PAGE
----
- Southwest Alaska is largely coastal, bordered by both the Pacific Ocean and the Bering Sea. It is sparsely populated, and unconnected to the road system, but incredibly important to the fishing industry. Half of all fish caught in the western U.S. come from the Bering Sea, and Bristol Bay has the world's largest sockeye salmon fishery. Southwest Alaska includes Katmai and Lake Clark national parks as well as numerous wildlife refuges. The region comprises western Cook Inlet, Bristol Bay and its watersheds, the Alaska Peninsula and the Aleutian Islands. It is known for wet and stormy weather, tundra landscapes, and large populations of salmon, brown bears, caribou, birds, and marine mammals.
- The Alaska Interior is home to Fairbanks. The geography is marked by large braided rivers, such as the Yukon River and the Kuskokwim River, as well as Arctic tundra lands and shorelines.
- The Alaskan Bush is the remote, less crowded part of the state, encompassing 380 native villages and small towns such as Nome, Bethel, Kotzebue and, most famously, Utqiagvik, the northernmost town in the United States.
The northeast corner of Alaska is covered by the Arctic National Wildlife Refuge. Much of the northwest is covered by the larger National Petroleum Reserve–Alaska, which covers around 23 million acres (9,307,770 ha). The Arctic is Alaska's most remote wilderness. A location in the National Petroleum Reserve–Alaska is 120 miles (190 km) from any town or village, the geographic point most remote from permanent habitation in the United States.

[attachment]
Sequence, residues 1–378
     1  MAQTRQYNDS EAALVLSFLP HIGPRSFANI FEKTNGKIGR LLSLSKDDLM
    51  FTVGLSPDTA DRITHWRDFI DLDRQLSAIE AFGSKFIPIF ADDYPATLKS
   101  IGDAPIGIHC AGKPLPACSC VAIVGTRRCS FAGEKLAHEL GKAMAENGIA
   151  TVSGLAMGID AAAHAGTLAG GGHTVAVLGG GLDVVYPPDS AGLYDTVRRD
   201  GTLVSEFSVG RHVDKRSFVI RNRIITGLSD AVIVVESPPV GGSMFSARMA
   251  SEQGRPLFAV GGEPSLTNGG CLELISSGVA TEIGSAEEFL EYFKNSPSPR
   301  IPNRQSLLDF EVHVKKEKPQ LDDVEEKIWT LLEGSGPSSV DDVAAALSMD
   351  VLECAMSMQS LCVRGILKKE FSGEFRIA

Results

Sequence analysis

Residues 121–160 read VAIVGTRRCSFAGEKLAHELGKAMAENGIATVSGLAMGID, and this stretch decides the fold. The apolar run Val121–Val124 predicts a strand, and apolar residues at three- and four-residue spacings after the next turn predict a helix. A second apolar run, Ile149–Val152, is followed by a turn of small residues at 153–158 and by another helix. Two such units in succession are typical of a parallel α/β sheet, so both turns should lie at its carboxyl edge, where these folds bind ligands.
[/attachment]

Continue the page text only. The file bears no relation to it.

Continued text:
With its numerous islands, Alaska has nearly 34,000 miles (55,000 km) of tidal shoreline. The island chain extending west from the southern tip of the Alaska Peninsula is called the Aleutian Islands. Many active volcanoes are found in the Aleutians. For example, Unimak Island is home to Mount Shishaldin, a moderately active volcano that rises to 9,980 feet (3,042 m) above sea level. The chain of volcanoes extends to Mount Spurr, west of Anchorage on the mainland.
One of North America's largest tides occurs in Turnagain Arm just south of Anchorage. Tidal differences can be more than 35 feet (10.7 m). (Many sources say Turnagain has the second-greatest tides in North America, but it has since been shown that several areas in Canada have larger tides, according to an Anchorage Daily News article dated 6/23/03.)
The Aleutian Islands cross longitude 180°, so Alaska can be considered the easternmost state as well as the westernmost. Alaska and, especially, the Aleutians are one of the extreme points of the United States. The International Date Line jogs west of 180° to keep the whole state, and thus the entire continental United States, within the same legal day.